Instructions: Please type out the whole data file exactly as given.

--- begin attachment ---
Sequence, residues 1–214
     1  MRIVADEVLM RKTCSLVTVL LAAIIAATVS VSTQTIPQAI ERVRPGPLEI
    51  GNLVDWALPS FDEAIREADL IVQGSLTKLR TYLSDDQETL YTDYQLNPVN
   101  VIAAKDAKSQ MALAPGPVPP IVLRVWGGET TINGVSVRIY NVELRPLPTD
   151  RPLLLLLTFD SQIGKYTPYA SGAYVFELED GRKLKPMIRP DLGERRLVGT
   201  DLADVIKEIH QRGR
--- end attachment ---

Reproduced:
Sequence, residues 1–214
     1  MRIVADEVLM RKTCSLVTVL LAAIIAATVS VSTQTIPQAI ERVRPGPLEI
    51  GNLVDWALPS FDEAIREADL IVQGSLTKLR TYLSDDQETL YTDYQLNPVN
   101  VIAAKDAKSQ MALAPGPVPP IVLRVWGGET TINGVSVRIY NVELRPLPTD
   151  RPLLLLLTFD SQIGKYTPYA SGAYVFELED GRKLKPMIRP DLGERRLVGT
   201  DLADVIKEIH QRGR